Upon graduating, I was helplessly launched headfirst into the “real world,” equipped with a degree in history and $32,000 in student loans. Before ricocheting back home, I would learn two important lessons: 1) There are no well-paying — let alone paying — jobs for history majors. 2) The real world is really tough.(That should be "there are no paying — let alone well-paying — jobs for history majors". That's how the "this, let alone that" structure is used: The first example is general, the second more specific. Otherwise it makes no sense. But then you're a history major, not a language major, aren't you?)
Desperate times called for desperate measures, and I had no intention of living in a society that was as unfair as this one. To seek a haven devoid of the ruthless 9-to-5 ebb and flow of contemporary America, I moved to Alaska.Doing what, exactly? What kind of life would you judge your history degree has prepared you for? What did you have in mind?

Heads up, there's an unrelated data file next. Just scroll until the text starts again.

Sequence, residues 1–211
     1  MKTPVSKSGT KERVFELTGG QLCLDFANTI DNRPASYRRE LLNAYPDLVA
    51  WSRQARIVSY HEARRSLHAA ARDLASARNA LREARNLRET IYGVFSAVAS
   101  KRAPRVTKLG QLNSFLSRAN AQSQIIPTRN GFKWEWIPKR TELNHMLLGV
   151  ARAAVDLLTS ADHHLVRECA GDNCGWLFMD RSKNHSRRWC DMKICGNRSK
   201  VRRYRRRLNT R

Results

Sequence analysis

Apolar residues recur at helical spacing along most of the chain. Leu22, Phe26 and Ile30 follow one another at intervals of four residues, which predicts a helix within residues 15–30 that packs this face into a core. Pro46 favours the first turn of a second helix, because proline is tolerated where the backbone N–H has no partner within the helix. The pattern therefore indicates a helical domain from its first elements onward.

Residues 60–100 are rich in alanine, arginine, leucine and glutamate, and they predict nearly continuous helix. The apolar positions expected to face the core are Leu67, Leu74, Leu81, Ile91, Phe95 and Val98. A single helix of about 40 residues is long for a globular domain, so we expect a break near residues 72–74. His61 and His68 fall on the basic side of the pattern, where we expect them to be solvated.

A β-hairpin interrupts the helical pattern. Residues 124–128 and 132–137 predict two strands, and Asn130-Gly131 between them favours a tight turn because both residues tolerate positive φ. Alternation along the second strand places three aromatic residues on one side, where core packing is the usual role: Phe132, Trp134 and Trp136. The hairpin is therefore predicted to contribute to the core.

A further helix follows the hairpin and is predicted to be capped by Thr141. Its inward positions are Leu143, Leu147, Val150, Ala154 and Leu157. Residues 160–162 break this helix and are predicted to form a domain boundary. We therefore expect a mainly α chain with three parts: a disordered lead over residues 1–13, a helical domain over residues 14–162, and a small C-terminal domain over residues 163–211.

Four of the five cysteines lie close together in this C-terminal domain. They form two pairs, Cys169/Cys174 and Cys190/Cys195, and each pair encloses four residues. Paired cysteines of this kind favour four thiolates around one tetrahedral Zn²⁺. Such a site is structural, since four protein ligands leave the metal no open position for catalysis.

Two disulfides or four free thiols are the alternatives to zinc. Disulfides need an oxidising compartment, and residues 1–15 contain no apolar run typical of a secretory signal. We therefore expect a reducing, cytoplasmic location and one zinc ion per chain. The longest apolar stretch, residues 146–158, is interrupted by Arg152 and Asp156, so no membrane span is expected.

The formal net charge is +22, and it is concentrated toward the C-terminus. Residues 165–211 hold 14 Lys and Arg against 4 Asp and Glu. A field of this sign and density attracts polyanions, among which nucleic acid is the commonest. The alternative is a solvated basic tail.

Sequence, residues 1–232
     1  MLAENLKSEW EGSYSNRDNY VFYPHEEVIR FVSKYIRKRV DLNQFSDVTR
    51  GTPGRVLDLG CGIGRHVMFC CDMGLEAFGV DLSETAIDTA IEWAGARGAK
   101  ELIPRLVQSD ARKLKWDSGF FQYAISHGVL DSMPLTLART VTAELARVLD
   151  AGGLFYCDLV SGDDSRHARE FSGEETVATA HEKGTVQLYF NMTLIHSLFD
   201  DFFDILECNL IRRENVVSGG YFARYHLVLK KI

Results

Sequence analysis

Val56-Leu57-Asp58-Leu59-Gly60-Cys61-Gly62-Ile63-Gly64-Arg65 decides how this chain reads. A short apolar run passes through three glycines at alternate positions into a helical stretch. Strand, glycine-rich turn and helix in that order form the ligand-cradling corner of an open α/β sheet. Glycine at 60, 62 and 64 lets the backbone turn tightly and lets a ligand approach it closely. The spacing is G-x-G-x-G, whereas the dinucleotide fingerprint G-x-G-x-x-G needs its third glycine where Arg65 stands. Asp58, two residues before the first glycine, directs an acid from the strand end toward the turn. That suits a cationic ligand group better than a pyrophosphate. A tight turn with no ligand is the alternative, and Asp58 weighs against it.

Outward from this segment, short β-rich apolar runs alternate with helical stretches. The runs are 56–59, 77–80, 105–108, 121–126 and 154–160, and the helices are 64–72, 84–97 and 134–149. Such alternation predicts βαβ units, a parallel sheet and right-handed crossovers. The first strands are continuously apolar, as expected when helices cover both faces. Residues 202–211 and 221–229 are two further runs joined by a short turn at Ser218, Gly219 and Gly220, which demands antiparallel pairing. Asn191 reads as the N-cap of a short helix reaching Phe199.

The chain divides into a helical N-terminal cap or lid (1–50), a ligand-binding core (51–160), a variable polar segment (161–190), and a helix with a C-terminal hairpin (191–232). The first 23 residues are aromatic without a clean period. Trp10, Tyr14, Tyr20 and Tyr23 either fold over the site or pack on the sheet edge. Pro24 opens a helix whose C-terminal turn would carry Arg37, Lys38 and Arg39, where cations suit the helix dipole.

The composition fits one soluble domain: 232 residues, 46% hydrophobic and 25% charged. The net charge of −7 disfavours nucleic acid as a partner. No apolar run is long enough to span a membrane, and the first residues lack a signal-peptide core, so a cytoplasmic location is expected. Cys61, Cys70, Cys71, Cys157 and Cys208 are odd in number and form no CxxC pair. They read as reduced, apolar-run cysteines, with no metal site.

As a liberal arts major, I dreamed of making a profound difference in people’s lives.
Instead, for a year, I lived in Coldfoot, a town north of the Arctic Circle that resembles a Soviet Gulag camp. My job as a tour guide for visitors...This "Soviet Gulag camp" of a town has a tourism industry? Why, yes it does. It isn't the bustling metropolis Cicely is, but it has its charms -- apparently lost on Ken, here.
I've read this letter five or six times now, and it keeps getting funnier every time I read it. I just wish the paper had done a sidebar interview with his parents.